Colorblind at Last? This Year, a Record Five Black Actors Received Oscar Nominations. That's Amazing Progress-Maybe

By Smith, Sean; Samuels, Allison | Newsweek, February 12, 2007 | Go to article overview

Colorblind at Last? This Year, a Record Five Black Actors Received Oscar Nominations. That's Amazing Progress-Maybe


Smith, Sean, Samuels, Allison, Newsweek


Byline: Sean Smith And Allison Samuels

Black Hollywood has been keeping a secret. For decades, African-Americans had been so consistently overlooked by the Academy Awards that a private group began sponsoring the "Black Oscars." Every year, on the night before the actual Oscars, members of the community--including James Earl Jones, Whitney Houston, Samuel L. Jackson and Will Smith--gather at a Beverly Hills hotel to honor their own. "Everyone has on their tuxes, and you see all these people you want to work with who are cheering you on," says Malcolm D. Lee, director of "Undercover Brother" and cousin of Spike Lee. "It's a great feeling, and intimate--nice."

But on March 24, 2002, Halle Berry crossed the stage at the Kodak Theatre to become the first African-American woman to win an Oscar for best actress. (She also set the record for most tears shed during an acceptance speech.) Minutes later, Denzel Washington took the best-actor award, the first black man to do so in 38 years. It was, by any measure, historic. Since 2002, 11 black actors have earned Oscar nominations. Jamie Foxx and Morgan Freeman have both won, and at least one black actor has been nominated every year. This year a record-breaking five--Forest Whitaker, Jennifer Hudson, Eddie Murphy, Will Smith and Djimon Hounsou--will be walking the red carpet on Feb. 25. "I certainly always hoped I'd see this day," says Sidney Poitier, the first African-American man to win best actor. "I would have thought it would have occurred sooner."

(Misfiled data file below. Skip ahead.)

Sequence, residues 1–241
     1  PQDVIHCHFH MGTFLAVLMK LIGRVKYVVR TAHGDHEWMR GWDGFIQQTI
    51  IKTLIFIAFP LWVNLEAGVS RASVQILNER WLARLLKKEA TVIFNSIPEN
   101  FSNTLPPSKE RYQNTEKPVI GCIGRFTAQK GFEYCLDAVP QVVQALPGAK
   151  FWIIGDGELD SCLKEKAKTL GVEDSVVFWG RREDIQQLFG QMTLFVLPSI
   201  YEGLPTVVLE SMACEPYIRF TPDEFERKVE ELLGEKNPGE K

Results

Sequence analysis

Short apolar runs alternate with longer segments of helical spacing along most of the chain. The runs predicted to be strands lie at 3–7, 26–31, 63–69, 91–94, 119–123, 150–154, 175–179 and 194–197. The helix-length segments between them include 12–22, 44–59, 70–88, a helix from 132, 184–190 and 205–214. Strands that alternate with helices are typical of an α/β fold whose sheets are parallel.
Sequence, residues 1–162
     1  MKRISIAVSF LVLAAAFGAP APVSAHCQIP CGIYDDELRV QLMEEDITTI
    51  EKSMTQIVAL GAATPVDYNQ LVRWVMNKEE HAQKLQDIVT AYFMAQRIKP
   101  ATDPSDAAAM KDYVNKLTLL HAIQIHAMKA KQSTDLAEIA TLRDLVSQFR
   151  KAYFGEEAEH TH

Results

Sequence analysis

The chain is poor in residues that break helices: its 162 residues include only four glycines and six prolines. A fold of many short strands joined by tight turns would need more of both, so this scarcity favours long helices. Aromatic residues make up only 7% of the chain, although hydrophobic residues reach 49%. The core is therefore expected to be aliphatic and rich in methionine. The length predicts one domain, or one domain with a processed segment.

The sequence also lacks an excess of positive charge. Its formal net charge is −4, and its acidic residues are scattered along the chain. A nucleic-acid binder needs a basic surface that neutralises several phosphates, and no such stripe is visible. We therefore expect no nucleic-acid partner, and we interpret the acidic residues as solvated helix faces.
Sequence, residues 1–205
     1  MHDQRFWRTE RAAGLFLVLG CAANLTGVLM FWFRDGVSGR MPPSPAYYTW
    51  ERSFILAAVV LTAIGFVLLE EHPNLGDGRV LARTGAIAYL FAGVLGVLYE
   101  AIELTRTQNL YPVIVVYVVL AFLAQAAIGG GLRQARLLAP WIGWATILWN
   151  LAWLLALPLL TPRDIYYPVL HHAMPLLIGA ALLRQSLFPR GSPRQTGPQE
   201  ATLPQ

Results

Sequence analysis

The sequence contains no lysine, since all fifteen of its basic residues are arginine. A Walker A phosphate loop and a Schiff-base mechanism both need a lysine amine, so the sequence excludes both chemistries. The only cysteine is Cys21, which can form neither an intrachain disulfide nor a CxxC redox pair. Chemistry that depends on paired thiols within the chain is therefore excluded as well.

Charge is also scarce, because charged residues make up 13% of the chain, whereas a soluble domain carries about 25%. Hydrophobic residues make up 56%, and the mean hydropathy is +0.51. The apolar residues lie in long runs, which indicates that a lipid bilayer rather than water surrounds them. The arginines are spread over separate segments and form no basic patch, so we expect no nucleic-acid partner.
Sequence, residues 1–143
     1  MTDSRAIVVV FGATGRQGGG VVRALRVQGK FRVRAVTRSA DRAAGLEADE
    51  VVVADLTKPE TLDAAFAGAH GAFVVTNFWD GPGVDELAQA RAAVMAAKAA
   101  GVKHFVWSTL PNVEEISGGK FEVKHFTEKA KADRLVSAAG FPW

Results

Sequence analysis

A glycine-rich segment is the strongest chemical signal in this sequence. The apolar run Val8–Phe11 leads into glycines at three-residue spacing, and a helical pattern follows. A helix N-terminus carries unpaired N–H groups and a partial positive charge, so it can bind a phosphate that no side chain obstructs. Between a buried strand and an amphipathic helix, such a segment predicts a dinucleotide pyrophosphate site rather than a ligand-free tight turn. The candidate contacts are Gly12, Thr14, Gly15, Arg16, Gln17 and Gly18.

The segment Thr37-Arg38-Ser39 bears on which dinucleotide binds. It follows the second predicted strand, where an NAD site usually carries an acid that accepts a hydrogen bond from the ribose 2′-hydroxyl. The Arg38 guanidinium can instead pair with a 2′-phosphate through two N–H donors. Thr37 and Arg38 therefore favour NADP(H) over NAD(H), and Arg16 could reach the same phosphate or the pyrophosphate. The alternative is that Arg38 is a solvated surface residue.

Yet breaking the color barrier hasn't exactly been met with unmitigated joy in black Hollywood. The decades of exclusion have left a scar of skepticism. "I'm pleased all this is happening, but I hope and pray it's not just a phase," says Louis Gossett Jr., who won the 1982 best-supporting-actor Oscar for "An Officer and a Gentleman"--and never got another role of that stature. History is peppered with bursts of high-profile work for black actors that blazed out just as fast. Angela Bassett couldn't find work for a year after being nominated for "What's Love Got to Do With It." In the early '70s, Diana Ross, Cicely Tyson and Diahann Carroll all earned best-actress nominations--and then no African-American woman was nominated in that category again for more than a decade. Even Washington questions the long-term impact of his own win. After Foxx won the 2004 best-actor Oscar, Washington told NEWSWEEK, "Who knows what it means for the future? I think we have to take it for just what it is--African-Americans winning awards. Beyond that, we have to wait and see."

What's most startling is that the 2002 Oscars have left a bitter aftertaste because of the kinds of roles that scored Washington and Berry their statues. He played a corrupt cop in "Training Day"; she starred as a woman who falls in love with a racist in "Monster's Ball." A segment within black Hollywood believes that white Academy voters reward black actors for roles that reinforce stereotypes--the angry black man, the noble slave, the sexualized black woman--rather than challenge them. "There's a sense that in order to be embraced by the white community, you probably did something that violates your integrity within the black community," says actress Kerry Washington, who stars opposite Whitaker in "The Last King of Scotland. …

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